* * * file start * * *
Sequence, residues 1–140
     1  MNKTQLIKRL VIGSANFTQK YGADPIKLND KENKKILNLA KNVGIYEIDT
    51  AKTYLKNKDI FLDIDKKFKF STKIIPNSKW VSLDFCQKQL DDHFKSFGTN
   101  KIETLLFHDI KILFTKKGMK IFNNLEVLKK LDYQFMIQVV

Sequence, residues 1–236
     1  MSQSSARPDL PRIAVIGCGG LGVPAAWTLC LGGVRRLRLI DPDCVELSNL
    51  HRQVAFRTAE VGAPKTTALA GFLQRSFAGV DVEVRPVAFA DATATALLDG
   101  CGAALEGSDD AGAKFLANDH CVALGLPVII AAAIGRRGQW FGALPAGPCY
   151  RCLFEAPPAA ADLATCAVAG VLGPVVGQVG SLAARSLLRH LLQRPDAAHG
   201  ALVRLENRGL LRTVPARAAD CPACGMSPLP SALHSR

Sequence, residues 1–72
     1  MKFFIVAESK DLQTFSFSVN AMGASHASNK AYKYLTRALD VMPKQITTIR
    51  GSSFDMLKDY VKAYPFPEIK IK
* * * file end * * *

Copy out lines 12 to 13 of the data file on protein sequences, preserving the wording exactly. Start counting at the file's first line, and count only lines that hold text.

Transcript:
     1  MKFFIVAESK DLQTFSFSVN AMGASHASNK AYKYLTRALD VMPKQITTIR
    51  GSSFDMLKDY VKAYPFPEIK IK